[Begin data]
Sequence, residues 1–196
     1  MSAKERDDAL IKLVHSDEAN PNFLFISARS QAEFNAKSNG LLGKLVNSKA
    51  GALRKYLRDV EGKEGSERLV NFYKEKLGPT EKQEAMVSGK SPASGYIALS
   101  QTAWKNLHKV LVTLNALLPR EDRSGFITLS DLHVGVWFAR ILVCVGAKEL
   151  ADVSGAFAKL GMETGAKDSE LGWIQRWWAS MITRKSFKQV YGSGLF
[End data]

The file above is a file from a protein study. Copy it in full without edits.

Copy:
Sequence, residues 1–196
     1  MSAKERDDAL IKLVHSDEAN PNFLFISARS QAEFNAKSNG LLGKLVNSKA
    51  GALRKYLRDV EGKEGSERLV NFYKEKLGPT EKQEAMVSGK SPASGYIALS
   101  QTAWKNLHKV LVTLNALLPR EDRSGFITLS DLHVGVWFAR ILVCVGAKEL
   151  ADVSGAFAKL GMETGAKDSE LGWIQRWWAS MITRKSFKQV YGSGLF